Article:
Over the last couple of podcast episodes I have tried to look at the Passivhaus standard from a couple of different points of view.
I interviewed Dr Wolfgang Feist, Director of the Passive House Institute in Darmstadt, who has carried out years of research on energy efficiency and is certainly a world-leading voice on the topic. Even as a newcomer I can’t help but embrace his message (as I understand it): we have squandered energy reserves like there is no tomorrow… and now, tomorrow is just about here. The methodology behind this approach may involve minor adjustments to how we live in our houses, but it’s nothing compared to the flip side of the coin. His tenacity and vision, in the face of a world that’s stuck in its ways, is highly commendable.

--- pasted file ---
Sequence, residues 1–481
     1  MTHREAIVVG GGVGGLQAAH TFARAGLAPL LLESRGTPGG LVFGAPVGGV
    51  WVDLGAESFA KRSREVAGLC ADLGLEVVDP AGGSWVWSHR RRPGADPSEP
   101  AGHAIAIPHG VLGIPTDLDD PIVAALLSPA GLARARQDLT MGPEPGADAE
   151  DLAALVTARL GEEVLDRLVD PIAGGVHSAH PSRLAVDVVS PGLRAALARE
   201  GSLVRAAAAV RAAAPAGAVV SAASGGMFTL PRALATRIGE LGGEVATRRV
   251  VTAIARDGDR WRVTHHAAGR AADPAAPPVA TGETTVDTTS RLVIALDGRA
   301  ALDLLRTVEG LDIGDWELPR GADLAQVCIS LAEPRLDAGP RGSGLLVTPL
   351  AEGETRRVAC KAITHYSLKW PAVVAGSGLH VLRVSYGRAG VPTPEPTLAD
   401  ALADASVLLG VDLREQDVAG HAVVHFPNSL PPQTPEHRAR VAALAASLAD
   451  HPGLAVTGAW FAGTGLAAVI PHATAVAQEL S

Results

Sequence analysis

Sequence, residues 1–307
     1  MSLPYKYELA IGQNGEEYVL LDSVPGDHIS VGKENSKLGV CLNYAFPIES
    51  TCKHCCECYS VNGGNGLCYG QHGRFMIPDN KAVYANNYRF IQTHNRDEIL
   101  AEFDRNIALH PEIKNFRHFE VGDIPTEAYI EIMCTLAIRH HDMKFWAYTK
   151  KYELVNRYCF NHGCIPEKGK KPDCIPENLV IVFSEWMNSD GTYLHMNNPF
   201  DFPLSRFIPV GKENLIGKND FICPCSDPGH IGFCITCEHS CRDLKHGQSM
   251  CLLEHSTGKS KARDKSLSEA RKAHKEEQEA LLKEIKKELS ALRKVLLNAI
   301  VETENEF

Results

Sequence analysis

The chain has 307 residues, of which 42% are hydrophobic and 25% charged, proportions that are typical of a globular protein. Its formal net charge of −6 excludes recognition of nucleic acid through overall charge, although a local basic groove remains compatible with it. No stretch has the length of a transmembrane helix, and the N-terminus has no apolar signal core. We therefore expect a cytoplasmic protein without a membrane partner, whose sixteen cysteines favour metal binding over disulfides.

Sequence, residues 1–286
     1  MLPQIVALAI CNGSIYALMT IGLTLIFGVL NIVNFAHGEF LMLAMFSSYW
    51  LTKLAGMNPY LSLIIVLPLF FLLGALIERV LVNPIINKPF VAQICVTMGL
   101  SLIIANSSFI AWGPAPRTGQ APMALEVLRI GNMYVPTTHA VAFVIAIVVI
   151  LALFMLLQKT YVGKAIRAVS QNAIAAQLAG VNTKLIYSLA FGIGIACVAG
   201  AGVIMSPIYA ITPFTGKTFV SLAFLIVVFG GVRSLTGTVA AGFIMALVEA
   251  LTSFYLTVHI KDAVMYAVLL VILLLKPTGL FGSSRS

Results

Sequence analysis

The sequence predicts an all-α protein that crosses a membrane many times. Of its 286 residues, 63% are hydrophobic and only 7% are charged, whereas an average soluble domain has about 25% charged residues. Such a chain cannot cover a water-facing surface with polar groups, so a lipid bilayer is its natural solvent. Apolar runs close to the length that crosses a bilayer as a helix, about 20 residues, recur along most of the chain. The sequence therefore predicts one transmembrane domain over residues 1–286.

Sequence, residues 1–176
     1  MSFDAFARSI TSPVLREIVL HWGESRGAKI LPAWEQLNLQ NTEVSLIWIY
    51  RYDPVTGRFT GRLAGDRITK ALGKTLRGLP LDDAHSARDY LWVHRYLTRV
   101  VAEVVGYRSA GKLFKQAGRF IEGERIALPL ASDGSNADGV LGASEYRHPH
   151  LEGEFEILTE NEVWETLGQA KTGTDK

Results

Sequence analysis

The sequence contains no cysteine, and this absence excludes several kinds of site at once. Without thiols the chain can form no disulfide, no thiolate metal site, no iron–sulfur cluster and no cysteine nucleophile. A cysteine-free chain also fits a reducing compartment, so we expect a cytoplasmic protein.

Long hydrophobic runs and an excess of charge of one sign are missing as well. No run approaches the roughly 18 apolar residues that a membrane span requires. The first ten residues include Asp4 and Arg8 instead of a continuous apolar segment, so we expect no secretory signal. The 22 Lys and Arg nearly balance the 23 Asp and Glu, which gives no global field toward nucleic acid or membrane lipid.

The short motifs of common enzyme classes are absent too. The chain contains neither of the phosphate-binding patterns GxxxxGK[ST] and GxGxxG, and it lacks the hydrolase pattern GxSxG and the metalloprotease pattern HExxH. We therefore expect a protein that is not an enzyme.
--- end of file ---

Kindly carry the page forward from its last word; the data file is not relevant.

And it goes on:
I also spoke to Pat Wilkinson, from the very successful Touchwood Homes, to discover why he started building this way and the challenges it presents. Having spent a lifetime delivering quality houses, Pat is critical of many of the tradesmen in England and he left me with an interesting thought: “You go to Germany and you aspire to be in the construction industry. In this country there’s no such aspiration, you end up in the building industry because you can’t do anything else.”
In the latest session, I speak to Adam Dadeby from Passivhaus Homes. He has recently retrofitted his own house to the Passivhaus standard, adding his property to only two other retrofits in the UK that have achieved this certification. He tells me about some of the difficulties he faced and why, with the knowledge he has now, he would have chosen to build new rather than refurbish. If you are interested in experiencing what it’s like to stay in a Passivhaus property, he also has what he thinks is the only Passivhaus holiday accommodation in the UK! If Totnes is too far, then he also has contributed to The Passivhaus Handbook, a new book he has co-written with RIBA architect Janet Cotterell.